The Rio+20 summit – the UN sustainable development summit – which ended on the 22nd June was billed as ‘a pathway for sustainable development’, yet leaders and NGOs alike have condemned the summit resolution (somewhat paradoxically titled The Future We Want) as insipid, a failure of leadership and generally not enough. The main criticism is that the declaration does not make firm and tangible promises that help to protect the environment and build on sustainability. Greenpeace International Executive Director Kumi Naidoo goes further by stating that “the leaders of the most powerful countries supported business as usual...putting private profit before people and the planet”. It’s clear that we are to demand more than just rhetoric; yet there are some reasons for optimism.
There is one specific reason for SPEAK readers to be cheerful; Nick Clegg has announced that UK businesses will now be required to report their Carbon emissions. This will surely put greater pressure on corporations to control and reduce their emissions. This is a particularly poignant moment of celebration for SPEAK as this announcement follows on from developments from the Companies Act 2006 – of which SPEAK played a role in campaigning as part of the trade justice movement. This news is not directly out of Rio, but is certainly part of the “important step forward” during the summit.
UN Secretary-General Ban-Ki Moon invited world leaders to “join me in working for a future without hunger”, claiming that “in a world of plenty, no-one, not a single person, should go hungry”. While the agreements on how this pledge is made a reality are sparse in number and language used in the Rio Declaration has been described as ‘vague’ and ‘un-ambitious’, it is important to celebrate the fact that such important issues are not only on the agenda, but are open to discussion. There has also been criticism of the non-resolution of proposed Sustainable Development Goals (SDGs) – which have been left to a discussion group of 30 nations – to be concluded by September 2013. Yet, where the SDGs remain unresolved, there surely exists an opportunity to lobby and campaign for more just results?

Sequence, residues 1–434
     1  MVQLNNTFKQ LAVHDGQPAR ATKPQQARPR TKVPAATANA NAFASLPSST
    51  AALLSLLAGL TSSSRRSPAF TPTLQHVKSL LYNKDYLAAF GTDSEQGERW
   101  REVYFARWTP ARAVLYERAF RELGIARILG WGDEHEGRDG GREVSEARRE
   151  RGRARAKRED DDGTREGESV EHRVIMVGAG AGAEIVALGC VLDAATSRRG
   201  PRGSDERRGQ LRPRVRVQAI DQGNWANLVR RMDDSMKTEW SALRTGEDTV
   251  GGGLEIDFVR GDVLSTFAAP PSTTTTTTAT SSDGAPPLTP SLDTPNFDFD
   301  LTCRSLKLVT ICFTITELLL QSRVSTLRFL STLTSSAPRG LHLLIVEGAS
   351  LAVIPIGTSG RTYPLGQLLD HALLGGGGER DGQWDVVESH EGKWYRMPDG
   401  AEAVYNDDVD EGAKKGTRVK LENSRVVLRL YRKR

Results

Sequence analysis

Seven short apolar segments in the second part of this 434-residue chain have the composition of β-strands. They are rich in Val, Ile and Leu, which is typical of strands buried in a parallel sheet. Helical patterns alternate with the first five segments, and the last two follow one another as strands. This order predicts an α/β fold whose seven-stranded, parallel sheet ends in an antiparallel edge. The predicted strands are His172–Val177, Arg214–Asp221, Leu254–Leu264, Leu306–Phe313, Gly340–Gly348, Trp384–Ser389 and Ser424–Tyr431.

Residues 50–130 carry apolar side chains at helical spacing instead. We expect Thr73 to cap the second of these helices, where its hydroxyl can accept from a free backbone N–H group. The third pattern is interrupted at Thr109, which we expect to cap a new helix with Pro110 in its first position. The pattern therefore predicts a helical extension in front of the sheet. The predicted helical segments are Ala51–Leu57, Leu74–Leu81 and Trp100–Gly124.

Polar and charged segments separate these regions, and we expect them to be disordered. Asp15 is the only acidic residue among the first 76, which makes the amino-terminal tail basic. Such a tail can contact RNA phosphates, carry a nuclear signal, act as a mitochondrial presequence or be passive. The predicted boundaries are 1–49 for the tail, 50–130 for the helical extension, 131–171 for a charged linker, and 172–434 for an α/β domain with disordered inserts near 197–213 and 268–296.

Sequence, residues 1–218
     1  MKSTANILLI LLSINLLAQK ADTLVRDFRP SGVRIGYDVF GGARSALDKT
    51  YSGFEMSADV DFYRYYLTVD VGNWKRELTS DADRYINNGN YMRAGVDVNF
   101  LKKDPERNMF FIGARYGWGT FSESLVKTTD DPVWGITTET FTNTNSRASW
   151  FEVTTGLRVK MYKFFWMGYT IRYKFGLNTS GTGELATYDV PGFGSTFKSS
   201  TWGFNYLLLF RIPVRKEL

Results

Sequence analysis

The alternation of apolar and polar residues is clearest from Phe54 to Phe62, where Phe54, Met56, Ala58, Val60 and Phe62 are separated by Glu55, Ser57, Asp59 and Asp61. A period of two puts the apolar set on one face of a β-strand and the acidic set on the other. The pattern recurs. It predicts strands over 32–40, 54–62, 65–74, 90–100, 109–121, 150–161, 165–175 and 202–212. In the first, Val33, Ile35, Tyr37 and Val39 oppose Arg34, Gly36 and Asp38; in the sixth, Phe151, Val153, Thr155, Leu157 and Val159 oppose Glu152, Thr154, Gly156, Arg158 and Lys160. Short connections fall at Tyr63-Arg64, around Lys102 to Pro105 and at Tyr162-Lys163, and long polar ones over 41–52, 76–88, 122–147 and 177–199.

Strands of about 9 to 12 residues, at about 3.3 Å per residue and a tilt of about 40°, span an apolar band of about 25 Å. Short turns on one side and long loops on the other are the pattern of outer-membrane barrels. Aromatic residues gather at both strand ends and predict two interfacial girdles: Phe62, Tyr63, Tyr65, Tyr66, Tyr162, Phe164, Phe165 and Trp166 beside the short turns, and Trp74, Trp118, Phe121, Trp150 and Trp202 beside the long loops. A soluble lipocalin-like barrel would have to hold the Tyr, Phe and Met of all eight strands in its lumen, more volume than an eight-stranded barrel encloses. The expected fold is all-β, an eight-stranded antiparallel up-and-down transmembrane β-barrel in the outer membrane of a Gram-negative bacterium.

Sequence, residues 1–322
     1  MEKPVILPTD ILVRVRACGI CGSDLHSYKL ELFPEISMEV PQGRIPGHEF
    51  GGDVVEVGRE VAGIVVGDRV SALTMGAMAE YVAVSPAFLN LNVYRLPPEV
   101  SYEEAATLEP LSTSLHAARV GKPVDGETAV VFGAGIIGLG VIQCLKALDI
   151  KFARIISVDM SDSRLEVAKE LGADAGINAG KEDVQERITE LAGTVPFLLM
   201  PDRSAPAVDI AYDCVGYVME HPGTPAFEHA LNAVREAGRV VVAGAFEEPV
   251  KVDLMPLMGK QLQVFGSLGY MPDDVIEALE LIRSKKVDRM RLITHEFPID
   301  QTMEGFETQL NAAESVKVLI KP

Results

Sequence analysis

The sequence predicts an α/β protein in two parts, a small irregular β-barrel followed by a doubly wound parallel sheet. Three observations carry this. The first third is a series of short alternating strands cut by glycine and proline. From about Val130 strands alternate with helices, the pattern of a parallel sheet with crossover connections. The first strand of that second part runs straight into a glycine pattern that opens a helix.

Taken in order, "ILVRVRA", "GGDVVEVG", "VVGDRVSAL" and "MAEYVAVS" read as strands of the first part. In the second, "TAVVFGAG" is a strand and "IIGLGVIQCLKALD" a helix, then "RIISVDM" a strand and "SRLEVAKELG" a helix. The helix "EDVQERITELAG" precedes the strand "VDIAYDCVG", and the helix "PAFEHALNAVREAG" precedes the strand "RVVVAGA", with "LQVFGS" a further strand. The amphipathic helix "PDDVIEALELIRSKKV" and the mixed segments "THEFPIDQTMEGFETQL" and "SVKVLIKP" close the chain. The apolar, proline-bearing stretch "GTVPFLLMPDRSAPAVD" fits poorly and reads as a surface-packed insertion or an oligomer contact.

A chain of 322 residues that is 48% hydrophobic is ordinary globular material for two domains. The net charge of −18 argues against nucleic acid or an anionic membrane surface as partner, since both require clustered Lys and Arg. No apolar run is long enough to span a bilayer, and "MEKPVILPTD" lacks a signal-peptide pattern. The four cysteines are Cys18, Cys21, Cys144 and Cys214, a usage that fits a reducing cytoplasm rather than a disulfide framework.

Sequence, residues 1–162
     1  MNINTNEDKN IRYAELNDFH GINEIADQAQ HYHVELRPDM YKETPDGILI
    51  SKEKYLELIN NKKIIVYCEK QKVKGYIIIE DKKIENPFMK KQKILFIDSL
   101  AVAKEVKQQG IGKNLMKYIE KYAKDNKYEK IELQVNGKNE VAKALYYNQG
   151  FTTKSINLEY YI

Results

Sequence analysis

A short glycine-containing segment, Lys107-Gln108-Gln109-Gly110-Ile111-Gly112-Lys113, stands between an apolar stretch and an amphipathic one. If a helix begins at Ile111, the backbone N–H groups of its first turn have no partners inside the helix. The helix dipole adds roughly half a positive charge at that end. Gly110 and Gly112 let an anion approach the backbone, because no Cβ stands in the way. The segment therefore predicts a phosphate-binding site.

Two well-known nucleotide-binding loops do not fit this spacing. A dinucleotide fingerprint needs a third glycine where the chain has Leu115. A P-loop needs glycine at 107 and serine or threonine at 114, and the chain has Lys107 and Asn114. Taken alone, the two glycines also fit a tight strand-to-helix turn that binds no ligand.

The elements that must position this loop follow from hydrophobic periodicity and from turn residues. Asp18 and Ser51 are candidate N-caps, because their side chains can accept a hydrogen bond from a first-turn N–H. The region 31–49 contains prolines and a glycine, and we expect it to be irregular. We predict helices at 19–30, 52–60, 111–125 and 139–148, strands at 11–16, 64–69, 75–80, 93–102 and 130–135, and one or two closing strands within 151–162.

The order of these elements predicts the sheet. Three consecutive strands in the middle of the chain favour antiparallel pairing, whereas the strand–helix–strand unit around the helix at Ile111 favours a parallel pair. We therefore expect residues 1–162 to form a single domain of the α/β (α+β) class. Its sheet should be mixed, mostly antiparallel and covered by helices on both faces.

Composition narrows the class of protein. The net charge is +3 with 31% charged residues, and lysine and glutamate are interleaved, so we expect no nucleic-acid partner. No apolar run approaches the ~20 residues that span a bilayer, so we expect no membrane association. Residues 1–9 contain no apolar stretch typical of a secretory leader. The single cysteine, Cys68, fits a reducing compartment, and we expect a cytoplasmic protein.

So there are both reasons to be sceptical and hopeful, which in a strange sense, really fits with the appropriate Christian response to all this news; we are to speak up for the voiceless when the answers are not good enough (Proverbs 31:8), but remain hopeful in the truth that God practises steadfast love, justice and righteousness (Jeremiah 9:24). It is also vitally important that we remember our God given mandate to protect the environment; God instructs us to care for His creation (Genesis 2:15), remember that the land is His and trade land with according justice (Leviticus 25:23-24) and to refrain from polluting the land (Numbers 35:29).
It is clear, too, that a lack of environmental sustainability damages human lives and causes poverty. With this in mind, we should be challenged to remember that looking after the planet is not simply an issue of protecting the earth, but also protecting those who dwell in it. Father Benedict Ayoubi comments that creation’s value in God makes for a challenge to those who are “forgetting about people, especially the marginalised in society”. We need to be praying and campaigning on environmental issues because the same God who ‘made heaven and earth, the sea, and all that is in them’ is the same God who ‘executes justice for the oppressed’ (Psalm 146:6-7).